- Tower built in 1838 was rescued by campaigners' and taxpayers' money after storm damage in 1987
- Visitors were previously allowed to enter it in summer and enjoy the views of the Kent countryside it offers
- But the trust which used to own the site went into liquidation and it was snapped up by a banker for £425,000
- The owner is trying to sell it for £2million, prompting concern about the public investment and future visits
Locals are angry that an historic tower which was restored using public money could now be sold off for a huge profit by a banker who looks set to quadruple his money on the site just 12 months after he bought it.
Campaigners fought a long-running battle to keep the stunning Hadlow Tower near Tonbridge in Kent open to visitors after £3million in grants from Historic England and the Heritage Lottery Fund were pumped into its restoration.
But after the trust which owned it went into liquidation, it was snapped up for £425,000 a year ago by accountant Christian Tym, who has now put it on the market for £2million.
Musician Lord Andrew Lloyd-Webber is among the critics of the latest sale and has said he fears the public money invested in the site could now end up in private hands.
Locals meanwhile are upset that the site, which attracted hundreds of visitors to the picturesque village, could now become closed to the public.
Lord Lloyd-Webber told the Daily Telegraph: 'A huge amount of public money was spent on this project... if it's going to be sold, it should be returned to Historic England and the Heritage Lottery Fund. It can't go into the pocket of a private person. I don't think the public purse should be used to speculate – this seems to have slipped through the net.'
John O'Connell, chief executive of the TaxPayers' Alliance, added: 'With so much taxpayers' money being spent on the restoration of this historical site, you'd think that the owner would agree to allow members of the public to visit on occasion.'
Hadlow Tower cost £3million to restore, and that money was granted on the condition that it be accessible to the public for 28 days every year. But is understood no visitors have entered the Grade I listed building since it was bought by its current owner last summer.
There are now fears among villagers that the rules keeping the eight-storey tower accessible to the public could be bypassed by any new purchaser.
Historic England, who funded part of the tower's make-over, say the covenants which ensure public access 28 to the building 28 years a year are still in place and the current owner or any future owner could be forced to repay public investment if the rules are not upheld.
A spokesman for the body said: 'Hadlow Tower is a stunning Grade I listed building which was once on Historic England's Heritage at Risk register.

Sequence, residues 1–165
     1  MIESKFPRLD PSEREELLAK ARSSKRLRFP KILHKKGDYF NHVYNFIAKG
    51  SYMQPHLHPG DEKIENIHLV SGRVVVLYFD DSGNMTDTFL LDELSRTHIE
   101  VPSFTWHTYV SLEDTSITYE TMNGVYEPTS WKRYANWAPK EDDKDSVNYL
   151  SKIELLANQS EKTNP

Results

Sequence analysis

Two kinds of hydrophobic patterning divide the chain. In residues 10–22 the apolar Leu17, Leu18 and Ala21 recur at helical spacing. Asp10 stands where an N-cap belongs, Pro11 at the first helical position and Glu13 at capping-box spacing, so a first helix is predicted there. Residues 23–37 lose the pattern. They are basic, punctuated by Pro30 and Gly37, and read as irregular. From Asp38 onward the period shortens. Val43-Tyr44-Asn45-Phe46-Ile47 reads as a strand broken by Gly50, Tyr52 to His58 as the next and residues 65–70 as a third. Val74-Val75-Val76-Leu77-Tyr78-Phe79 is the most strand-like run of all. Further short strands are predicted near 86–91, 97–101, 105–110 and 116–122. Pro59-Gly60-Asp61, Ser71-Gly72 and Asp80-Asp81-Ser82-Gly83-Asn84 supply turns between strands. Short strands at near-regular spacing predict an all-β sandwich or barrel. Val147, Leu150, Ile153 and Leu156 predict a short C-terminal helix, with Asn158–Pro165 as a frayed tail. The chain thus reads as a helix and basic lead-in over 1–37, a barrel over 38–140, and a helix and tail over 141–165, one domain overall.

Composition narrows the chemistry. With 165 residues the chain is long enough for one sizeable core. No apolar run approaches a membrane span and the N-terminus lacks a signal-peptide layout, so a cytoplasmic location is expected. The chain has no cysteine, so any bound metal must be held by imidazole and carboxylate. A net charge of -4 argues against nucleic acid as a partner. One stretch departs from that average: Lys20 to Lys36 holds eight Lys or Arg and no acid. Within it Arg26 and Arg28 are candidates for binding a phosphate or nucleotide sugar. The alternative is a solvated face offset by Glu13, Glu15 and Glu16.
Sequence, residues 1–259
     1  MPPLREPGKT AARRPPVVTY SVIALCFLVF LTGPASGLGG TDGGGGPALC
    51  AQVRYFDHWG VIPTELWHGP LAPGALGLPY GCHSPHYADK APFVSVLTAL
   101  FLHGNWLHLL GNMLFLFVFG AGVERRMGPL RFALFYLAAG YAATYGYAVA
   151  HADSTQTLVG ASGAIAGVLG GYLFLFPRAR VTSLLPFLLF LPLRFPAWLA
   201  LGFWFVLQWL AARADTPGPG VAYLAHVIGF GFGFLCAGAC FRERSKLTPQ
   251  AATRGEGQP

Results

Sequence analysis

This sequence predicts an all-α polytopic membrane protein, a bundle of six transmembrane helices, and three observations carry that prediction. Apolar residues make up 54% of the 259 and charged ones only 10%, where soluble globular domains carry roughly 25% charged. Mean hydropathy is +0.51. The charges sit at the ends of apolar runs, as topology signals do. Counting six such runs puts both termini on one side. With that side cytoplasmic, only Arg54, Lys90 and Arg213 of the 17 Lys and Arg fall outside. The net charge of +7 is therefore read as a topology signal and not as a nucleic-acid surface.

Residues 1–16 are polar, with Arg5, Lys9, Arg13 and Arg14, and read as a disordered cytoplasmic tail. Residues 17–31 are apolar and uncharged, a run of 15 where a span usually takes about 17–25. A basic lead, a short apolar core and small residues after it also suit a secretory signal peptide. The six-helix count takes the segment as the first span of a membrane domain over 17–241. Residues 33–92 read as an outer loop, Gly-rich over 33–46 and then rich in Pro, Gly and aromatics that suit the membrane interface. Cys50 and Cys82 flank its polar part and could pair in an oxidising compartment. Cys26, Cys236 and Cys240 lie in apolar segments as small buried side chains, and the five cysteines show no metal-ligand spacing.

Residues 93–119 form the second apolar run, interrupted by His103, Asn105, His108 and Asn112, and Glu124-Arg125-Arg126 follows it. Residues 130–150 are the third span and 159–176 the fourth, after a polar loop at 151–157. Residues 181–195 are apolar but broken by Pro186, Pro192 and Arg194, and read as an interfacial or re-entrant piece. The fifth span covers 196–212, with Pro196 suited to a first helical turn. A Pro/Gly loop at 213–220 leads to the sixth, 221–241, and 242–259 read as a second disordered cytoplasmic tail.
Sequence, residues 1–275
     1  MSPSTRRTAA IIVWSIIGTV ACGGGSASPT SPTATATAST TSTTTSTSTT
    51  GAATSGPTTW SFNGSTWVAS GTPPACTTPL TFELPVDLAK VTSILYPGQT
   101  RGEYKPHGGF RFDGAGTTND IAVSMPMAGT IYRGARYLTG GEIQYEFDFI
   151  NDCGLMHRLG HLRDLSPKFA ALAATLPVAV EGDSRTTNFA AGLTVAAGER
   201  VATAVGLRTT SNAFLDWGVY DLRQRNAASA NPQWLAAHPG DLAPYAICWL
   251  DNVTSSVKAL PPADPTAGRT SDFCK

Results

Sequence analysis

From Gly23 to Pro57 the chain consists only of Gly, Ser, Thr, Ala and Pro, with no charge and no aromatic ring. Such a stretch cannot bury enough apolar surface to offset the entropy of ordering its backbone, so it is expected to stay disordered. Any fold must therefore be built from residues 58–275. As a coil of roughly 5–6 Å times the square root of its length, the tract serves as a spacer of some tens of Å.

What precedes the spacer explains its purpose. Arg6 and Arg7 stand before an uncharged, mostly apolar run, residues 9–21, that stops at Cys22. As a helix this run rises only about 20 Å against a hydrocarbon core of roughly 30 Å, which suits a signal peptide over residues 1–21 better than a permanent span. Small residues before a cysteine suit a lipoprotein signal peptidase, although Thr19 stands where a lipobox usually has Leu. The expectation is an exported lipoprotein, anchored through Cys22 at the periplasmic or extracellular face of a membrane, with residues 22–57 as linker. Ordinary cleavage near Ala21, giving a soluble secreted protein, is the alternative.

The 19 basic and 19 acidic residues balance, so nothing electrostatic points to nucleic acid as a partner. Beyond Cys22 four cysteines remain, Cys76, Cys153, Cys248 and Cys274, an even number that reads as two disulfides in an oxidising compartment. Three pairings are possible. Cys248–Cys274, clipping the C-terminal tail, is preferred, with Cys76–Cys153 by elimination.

'It was restored in large part thanks to public money and it is only right that the public should be able to enjoy the Tower inside and out.
'Otherwise, they would be in breach of contract and could be required to repay a proportion of the public money given as grant-aid by Historic England and other partners. Any new owner would be subject to the same conditions of the deed of covenant as part of the sale of the Tower.'
The one-of-a-kind, 175 ft gothic tower was built in 1830, but fell derelict before being rescued by the artist Bernard Hailstone in the 1950s.
After it changed hands, a community action group fought to get the tower restored after it was severely damaged in the Great Storm of 1987.
Locals formed the The Save Hadlow Tower Action Group, and poured £50,000 of their own cash into the building, raised through fundraising projects, which topped up cash from Heritage England and the Heritage Lottery Fund.
Hadlow Tower was then bought by The Vivat Trust for £1 after a compulsory purchase order was made by the borough council in 2011.
Campaigners financed and staffed a visitor centre on the ground floor, and from 2013 it was open to the public weekly in summer.
Restoration on the castle was completed in February 2013 and it was shortlisted for the 2014 Kent Design Awards.
Known locally as 'May's Folly', the tower then received a multi-million-pound restoration and later rented out as a holiday home for £1,954 a week.
In 2016, the the tower owners went into liquidation and Hadlow Tower was put on the market for offers over £1million.
It was sold to Christian in 2017, who is married with four sons, who said he was attracted by 'the novelty factor.'
Campaigners reported that 700 people visited the castle in 2017 - with the numbers dwindling in 2018 to zero.
The Heritage Lottery Fund said it expected Christian to report to it in August with evidence of his compliance.
Mr Tym was unavailable for comment. The estate agent organising the sale however previously said that he did not intend to sell the building so quickly, but found it unsuitable for his family.
The castle is listed as containing a media room, castle drawing room and four bedrooms. It also comes with almost three-and-a-half acres of grounds and a lift to all floors.
Building began in the late 1780s and was commissioned by Walter May whose son Walt added a 170ft octagonal tower in 1838.
After the son died the tower was owned by the High Sheriff of Kent and later by Harley Street specialist Dr MacGeagh.
During the Second World War the castle was used as a watchtower by the Home Guard and Royal Observer Corps.
Restoration on the 130ft Grade-I listed castle was completed in February 2013 and it was shortlisted for the 2014 Kent Design Awards.
The tower was previously advertised on swingers website Club Aphrodite - inviting '25 couples or 50 singles' for some 'Gothic castle folly'.
It said: 'Enjoy threesomes, foursomes and moresomes in the intriguing candlelit rooms created for the fulfilment of the eccentric, original owner's medieval, baronic fantasies.'